In Egypt, over 500 Coptic Christian women and girls have been kidnapped by criminal gangs, forcibly converted to Islam, and married against their will, Caroline Doss, President of Coptic Solidarity shares. Coptic Solidarity in their report Jihad of the Womb and The Disappearance of Christian Women in Egypt documents the inaction of state authorities, including how they neglect to investigate abductions. She notes how victims and families have to resort to social media to get attention to their cases and try and find their loved one and only once there is large public pressure are the women and girls returned. There are however, concerning instances when even family members fighting for justice for their disappeared mother, sister or daughter are themselves targeted for speaking out. Caroline Doss shares about one female family member in Egypt who received threats of being the next victim after she took to social media to advocate for the return of her sister. Caroline Doss in her appeal emphasised the importance of the Egyptian government to first of all acknowledge what is taken place and then to take steps to protect the women. She shares that the Coptic community is welcoming of the women survivors of the contemporary form slavery in the form of forced marriage, providing for their physical and counselling needs. Following government acknowledgement Caroline Doss welcomes efforts to provide financial compensation to those providing for the needs of the survivors including the family and community organisations. This is a practical need states could assist with now, while working to provide robust mechanisms in place to stop the enjoyed impunity by the perpetrators.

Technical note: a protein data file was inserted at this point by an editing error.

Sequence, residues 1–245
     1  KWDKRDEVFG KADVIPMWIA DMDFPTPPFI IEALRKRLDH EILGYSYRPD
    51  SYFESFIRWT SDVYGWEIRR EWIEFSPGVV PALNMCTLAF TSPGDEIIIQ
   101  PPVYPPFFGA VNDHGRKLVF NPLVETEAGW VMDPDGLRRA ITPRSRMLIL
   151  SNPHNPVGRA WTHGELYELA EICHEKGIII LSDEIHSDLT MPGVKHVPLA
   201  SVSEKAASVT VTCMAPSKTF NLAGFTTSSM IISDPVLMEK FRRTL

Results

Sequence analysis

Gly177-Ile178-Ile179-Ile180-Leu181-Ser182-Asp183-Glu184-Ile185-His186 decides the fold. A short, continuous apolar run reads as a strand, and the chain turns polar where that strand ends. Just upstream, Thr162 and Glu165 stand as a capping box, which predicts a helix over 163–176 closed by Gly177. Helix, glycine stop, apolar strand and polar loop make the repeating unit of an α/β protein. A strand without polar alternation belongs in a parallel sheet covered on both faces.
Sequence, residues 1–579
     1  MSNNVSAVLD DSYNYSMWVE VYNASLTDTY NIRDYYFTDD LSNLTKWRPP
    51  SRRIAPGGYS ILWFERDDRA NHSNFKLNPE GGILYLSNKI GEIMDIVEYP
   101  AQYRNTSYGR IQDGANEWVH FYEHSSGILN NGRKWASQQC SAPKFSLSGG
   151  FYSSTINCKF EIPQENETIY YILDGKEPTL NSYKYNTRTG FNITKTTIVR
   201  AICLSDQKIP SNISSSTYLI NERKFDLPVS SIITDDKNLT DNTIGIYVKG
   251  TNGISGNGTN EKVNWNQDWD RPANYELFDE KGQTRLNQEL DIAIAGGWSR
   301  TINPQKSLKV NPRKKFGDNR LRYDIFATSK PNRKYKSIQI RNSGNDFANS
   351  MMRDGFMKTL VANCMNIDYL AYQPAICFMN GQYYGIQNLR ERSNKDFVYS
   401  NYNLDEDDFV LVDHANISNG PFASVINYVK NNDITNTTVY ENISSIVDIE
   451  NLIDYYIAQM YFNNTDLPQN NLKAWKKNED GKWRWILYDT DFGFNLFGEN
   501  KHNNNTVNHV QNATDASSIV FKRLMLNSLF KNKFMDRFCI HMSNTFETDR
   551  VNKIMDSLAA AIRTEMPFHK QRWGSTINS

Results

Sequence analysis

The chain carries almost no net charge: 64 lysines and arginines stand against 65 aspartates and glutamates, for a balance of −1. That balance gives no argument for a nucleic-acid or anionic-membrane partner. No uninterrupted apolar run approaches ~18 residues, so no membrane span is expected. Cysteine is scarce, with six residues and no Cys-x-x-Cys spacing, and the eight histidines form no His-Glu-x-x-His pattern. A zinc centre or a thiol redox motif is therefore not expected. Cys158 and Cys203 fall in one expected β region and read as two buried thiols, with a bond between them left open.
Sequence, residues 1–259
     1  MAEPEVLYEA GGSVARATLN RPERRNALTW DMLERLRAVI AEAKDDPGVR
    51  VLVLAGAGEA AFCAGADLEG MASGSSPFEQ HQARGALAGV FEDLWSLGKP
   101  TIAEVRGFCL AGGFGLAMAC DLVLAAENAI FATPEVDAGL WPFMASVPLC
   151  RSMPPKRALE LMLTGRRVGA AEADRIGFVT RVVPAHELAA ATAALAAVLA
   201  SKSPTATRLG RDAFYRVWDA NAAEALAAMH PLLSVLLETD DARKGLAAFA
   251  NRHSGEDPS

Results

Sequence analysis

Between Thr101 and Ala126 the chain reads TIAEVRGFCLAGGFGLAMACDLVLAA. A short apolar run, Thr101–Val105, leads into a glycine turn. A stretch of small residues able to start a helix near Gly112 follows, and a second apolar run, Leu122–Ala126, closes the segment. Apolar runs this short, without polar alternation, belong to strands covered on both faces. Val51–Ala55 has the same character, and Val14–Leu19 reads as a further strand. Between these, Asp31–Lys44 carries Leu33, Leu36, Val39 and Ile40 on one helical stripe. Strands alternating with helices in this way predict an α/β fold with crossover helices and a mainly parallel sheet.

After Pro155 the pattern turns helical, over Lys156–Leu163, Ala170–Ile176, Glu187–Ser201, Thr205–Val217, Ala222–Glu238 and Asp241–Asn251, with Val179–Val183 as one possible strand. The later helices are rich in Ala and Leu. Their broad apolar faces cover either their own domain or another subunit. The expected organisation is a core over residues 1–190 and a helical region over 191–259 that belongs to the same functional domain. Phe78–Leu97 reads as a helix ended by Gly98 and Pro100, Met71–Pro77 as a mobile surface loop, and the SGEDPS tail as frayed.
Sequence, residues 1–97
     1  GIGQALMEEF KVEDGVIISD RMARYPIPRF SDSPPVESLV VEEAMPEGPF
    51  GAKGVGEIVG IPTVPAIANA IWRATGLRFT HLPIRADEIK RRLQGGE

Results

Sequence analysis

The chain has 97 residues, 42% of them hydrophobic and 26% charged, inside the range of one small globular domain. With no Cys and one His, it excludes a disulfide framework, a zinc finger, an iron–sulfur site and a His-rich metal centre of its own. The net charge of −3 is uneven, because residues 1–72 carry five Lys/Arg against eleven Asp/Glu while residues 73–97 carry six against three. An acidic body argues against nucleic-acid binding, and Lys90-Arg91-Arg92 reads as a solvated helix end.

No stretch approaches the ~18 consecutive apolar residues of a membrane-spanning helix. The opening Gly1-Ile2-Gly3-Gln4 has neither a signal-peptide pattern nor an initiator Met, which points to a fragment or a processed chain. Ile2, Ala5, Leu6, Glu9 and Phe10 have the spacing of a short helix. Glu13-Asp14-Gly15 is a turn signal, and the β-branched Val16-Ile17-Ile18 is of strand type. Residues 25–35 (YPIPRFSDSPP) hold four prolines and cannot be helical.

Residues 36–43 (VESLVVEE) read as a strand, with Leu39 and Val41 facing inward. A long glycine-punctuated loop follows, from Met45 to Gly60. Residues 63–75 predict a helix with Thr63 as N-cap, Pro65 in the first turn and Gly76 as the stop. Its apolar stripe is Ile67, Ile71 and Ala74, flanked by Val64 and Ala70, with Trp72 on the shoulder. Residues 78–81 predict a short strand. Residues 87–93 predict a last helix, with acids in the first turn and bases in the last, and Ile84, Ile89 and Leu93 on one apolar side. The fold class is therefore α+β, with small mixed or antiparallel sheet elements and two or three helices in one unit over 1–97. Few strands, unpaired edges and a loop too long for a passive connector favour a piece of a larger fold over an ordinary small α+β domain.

The Special Rapporteur shares how the issue of child, early and forced marriage unfortunately is  a widespread issue which is not restricted to one geographical area and occurs, “even [..] the developed world.”  In Mozambique – reports are coming IS killing the women who they have sexually enslaved if they have aids, if not, they sell them as slaves to the Arabian peninsula. “The level of cruelty is increasing with the proliferation of the Islamic State in Africa all the way to the Philippines. It is exponential,” Marcela Szymanski with the Aid to the Church in Need [who provides legal aid for some of the women and girls], shares indignantly as she looks into her camera. She raises her concern with the size of the problem in Mozambique and urges states  – especially in developed countries – to be more responsible. She notes the laissez faire attitude of western states when it comes to forced marriages that happen outside their territory, “I would like to have some perspective – how can we make the western countries be more responsible for marriages [even those] outside their territories. Let us open a discussion for this during a next encounter and the responsibility of the west in it.”  For while the forced marriages –  contemporary form of slavery – may occur abroad the perpetrators then traffic their wives/slaves to the west.